Thursday, March 17, 2016

Translating the "Language of Cuts"

When people start talking about public finance and particularly any attempt to balance the budget, they often start talking in a special language designed to put a particular spin on what is happening.

Sometimes this is designed to defend the indefensible, sometimes the aim is to make something which your political opponents have done or which you want to persuade people to make more generous sound like a programme which could only have been put together by an alliance of Lord Voldemort and Adolf Eichmann.

Discussion today on the measures in the 2016 budget affecting allowances for disabled people has shown many classic example. Here is a handy guide to the terms certain people have used ...


= spending more public money next year than this year, in real terms as well as money terms, but not quite as much more as would have happened under previous plans.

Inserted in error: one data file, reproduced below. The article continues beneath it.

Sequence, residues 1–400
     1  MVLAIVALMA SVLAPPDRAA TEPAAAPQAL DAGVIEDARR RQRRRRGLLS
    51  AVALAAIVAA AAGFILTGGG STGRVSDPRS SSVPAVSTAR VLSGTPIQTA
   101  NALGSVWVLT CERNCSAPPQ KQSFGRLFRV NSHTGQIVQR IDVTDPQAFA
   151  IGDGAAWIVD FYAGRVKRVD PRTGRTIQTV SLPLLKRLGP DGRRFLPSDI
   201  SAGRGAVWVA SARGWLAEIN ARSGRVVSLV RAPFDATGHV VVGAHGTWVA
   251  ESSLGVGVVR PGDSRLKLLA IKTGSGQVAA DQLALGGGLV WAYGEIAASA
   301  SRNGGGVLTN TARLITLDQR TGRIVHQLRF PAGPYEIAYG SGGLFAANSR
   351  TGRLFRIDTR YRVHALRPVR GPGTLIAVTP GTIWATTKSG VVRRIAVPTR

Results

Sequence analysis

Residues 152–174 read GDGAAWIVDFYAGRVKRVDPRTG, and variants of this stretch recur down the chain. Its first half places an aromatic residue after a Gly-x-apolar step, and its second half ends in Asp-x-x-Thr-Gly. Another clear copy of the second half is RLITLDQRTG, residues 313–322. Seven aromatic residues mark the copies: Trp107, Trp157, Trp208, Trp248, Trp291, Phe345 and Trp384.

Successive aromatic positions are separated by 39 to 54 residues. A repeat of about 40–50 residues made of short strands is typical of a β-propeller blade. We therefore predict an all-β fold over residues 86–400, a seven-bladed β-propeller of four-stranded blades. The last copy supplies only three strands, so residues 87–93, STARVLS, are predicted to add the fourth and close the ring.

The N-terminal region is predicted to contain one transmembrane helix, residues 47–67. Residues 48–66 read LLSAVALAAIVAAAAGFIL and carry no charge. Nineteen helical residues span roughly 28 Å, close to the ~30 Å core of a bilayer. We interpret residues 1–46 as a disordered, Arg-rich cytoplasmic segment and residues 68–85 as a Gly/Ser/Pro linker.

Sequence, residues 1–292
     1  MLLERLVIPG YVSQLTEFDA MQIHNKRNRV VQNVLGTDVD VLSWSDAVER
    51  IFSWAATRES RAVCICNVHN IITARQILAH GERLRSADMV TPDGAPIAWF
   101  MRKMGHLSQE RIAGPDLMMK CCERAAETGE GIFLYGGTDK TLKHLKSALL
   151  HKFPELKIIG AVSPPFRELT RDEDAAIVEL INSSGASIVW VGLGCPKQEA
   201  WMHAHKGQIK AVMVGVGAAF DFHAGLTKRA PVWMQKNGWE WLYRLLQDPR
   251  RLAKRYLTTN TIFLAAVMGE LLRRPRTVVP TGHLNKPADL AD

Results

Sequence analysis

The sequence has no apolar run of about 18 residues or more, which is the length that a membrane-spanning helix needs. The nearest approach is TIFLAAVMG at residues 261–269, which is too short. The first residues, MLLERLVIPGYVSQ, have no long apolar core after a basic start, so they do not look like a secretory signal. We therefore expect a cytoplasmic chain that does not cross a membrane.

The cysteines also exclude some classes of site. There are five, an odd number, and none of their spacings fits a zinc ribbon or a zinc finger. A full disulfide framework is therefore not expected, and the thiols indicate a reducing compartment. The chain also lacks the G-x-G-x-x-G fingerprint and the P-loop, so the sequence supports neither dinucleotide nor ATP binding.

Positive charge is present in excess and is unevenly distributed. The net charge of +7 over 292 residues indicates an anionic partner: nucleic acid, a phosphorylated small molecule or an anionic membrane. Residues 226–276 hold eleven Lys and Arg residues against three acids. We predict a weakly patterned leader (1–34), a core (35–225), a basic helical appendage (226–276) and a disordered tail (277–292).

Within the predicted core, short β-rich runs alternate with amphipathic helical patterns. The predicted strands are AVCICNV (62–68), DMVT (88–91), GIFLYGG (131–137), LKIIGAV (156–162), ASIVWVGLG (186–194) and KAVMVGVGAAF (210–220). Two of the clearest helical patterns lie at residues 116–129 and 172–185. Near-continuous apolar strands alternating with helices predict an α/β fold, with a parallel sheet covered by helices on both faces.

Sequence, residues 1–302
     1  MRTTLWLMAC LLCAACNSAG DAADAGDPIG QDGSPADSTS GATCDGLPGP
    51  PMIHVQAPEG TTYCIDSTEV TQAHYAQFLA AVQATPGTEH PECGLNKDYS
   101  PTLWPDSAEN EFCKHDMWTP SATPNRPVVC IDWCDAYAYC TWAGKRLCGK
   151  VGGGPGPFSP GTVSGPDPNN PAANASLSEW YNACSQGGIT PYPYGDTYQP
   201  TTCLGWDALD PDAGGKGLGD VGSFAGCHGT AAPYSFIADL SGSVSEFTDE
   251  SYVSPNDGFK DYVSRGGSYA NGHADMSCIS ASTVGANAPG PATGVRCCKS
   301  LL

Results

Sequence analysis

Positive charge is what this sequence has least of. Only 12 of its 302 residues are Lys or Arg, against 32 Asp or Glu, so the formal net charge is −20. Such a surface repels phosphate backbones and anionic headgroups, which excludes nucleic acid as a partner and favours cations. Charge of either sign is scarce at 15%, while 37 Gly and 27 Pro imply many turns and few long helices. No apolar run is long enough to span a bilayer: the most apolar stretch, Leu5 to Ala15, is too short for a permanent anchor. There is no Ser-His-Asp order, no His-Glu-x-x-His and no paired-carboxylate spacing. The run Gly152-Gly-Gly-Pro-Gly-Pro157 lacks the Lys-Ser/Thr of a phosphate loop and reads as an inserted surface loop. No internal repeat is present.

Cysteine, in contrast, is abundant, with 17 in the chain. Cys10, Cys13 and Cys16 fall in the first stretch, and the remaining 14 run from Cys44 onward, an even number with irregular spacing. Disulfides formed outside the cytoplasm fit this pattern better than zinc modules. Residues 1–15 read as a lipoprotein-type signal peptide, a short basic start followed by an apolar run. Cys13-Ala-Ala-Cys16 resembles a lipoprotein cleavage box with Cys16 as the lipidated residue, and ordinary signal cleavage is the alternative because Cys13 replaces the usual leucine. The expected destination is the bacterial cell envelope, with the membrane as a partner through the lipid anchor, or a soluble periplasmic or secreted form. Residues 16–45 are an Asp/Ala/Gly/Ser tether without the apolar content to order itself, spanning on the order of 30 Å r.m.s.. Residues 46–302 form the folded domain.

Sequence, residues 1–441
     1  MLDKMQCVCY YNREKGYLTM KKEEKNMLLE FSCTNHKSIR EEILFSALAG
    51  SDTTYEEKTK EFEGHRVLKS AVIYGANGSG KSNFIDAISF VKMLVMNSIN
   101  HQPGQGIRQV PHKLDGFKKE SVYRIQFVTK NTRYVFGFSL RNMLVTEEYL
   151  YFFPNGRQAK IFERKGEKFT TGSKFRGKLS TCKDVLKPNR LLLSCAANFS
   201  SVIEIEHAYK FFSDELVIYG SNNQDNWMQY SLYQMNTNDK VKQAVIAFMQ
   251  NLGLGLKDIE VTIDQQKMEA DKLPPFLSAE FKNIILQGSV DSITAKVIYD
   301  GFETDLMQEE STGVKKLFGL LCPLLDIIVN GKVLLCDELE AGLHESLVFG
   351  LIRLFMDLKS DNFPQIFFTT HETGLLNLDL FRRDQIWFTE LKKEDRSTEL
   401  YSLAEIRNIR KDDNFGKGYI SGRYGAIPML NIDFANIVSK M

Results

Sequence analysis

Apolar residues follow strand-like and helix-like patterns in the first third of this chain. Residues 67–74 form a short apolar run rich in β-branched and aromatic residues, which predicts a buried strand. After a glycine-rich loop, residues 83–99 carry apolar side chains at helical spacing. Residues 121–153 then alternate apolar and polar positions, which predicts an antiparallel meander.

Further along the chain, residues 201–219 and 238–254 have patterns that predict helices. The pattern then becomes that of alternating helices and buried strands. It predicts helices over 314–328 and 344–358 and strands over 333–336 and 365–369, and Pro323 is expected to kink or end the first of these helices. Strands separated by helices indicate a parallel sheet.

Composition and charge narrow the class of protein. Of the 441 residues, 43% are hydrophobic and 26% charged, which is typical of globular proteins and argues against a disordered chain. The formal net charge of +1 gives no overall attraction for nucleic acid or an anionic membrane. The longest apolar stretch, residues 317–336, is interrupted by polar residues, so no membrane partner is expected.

= giving more money to more disabled people, but trying to focus the money more accurately on those disabled people who particularly need it.


= no money will be taken away from anyone other than the taxpayer, but some people who in the future would have been given a grant of taxpayer's money will not now get one.

"GIVING MONEY TO PEOPLE" (referring to tax cuts)

= taking less of a group of taxpayers' own hard-earned money away from them.

1 comment:

Jim said...

The all important question you over look is who makes the cuts, there is the Achilles heel.

5. No taxation or spending without consent:
No tax, charge or levy shall be imposed, nor any public spending authorised, nor any sum borrowed by any national or local government except with the express approval the majority of the people, renewed annually on presentation of a budget which shall first have been approved by their respective legislatures;

solved it.